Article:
The Canadian copyright lobby, including CAAST, CRIA, CMPDA, and several others, have issued a release congratulating the government on the G-8 statement on intellectual property issues. The release (which I can't find online) says that the associations support the statement and look "forward to the Canadian government fulfilling these commitments as soon as possible in order to better protect intellectual property in the digital age. The introduction and passage of new federal copyright legislation will be a key step to fulfilling the commitments."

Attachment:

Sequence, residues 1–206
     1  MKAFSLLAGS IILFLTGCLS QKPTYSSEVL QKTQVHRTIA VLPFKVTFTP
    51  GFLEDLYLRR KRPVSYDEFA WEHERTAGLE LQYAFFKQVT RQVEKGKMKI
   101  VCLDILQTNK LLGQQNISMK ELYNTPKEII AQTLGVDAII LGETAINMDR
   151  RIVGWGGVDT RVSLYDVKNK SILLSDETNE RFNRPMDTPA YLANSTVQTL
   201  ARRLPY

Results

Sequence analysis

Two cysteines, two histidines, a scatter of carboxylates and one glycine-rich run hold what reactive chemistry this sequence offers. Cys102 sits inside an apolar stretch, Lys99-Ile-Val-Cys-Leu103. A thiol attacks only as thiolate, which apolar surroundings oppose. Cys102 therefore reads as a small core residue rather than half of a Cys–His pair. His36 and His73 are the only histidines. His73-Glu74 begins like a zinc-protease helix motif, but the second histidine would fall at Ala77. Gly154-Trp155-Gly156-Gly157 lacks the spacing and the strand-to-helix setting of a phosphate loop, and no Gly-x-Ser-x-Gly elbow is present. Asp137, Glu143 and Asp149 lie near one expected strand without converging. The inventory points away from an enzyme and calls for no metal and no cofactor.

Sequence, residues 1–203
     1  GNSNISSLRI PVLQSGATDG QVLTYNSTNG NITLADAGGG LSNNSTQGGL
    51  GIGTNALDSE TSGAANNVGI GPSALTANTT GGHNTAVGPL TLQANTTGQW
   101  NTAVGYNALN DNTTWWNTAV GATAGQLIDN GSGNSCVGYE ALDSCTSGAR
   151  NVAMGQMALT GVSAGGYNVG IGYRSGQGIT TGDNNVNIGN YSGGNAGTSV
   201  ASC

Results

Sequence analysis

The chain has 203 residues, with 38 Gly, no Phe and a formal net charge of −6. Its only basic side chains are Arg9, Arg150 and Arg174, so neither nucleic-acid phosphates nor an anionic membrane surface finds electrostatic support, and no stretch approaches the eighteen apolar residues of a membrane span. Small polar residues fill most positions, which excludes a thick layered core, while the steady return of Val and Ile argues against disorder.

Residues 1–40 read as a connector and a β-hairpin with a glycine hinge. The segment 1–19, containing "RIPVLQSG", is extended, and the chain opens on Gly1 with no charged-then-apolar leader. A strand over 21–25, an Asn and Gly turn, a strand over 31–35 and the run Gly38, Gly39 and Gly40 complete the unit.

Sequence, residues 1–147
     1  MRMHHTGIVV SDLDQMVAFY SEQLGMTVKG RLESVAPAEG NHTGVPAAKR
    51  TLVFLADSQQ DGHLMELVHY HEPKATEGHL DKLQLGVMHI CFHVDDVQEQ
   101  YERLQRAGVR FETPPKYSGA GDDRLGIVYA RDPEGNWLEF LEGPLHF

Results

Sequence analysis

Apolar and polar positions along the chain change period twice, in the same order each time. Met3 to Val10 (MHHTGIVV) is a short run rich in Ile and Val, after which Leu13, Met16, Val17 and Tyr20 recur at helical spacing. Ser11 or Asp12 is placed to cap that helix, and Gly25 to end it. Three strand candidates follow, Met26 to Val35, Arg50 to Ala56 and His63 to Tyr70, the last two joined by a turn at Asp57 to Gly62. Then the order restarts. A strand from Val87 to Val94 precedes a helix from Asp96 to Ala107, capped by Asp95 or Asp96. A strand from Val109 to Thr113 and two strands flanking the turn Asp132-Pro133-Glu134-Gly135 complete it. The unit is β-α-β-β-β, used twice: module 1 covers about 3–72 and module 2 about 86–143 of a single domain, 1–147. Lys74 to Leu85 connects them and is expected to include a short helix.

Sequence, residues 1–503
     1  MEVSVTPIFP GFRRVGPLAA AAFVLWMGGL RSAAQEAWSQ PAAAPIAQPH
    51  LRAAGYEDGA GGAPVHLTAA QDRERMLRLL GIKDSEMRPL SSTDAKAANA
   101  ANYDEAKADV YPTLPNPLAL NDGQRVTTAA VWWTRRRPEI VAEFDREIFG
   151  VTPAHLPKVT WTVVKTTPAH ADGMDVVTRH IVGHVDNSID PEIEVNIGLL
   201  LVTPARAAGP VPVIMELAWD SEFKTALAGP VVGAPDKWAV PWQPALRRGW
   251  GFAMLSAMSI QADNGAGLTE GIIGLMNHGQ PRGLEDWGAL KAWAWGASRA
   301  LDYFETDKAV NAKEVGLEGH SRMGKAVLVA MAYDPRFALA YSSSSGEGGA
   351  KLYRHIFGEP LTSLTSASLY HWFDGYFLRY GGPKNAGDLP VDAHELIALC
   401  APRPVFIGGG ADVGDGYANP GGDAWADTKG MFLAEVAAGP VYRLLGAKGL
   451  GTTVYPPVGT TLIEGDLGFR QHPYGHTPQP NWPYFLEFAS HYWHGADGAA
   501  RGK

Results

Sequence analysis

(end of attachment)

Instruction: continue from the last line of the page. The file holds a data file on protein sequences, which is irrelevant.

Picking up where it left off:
A close look at the statement reveals a major disconnect between it and likely copyright legislation. The G-8 statement is primarily focused on counterfeiting and commercial piracy with emphasis on border enforcement, stronger IP trade enforcement, organized crime, and anti-counterfeiting measures (along with an unfortunate swipe at the WIPO Development Agenda). Seen in light of concerns surrounding Russian-based counterfeiting, the statement comes as no surprise (indeed the BPI wanted the UK to place allofmp3.com on the agenda). Those issues bear little relation to the short-term copyright reform issues in Canada such as anti-circumvention legislation, ISP liability, and an expanded fair dealing right. Those issues are not directly relevant here at all and merited no mention whatsoever in the statement. So let's be clear – the government need not address the WIPO Internet Treaties issue in order to fulfill its latest so-called commitment from the G-8 summit and the introduction of new legislation has little to do with addressing the G-8's stated concerns. While the copyright lobby might wish it otherwise, Canada does not have any new obligations or commitments to introduce copyright reform legislation.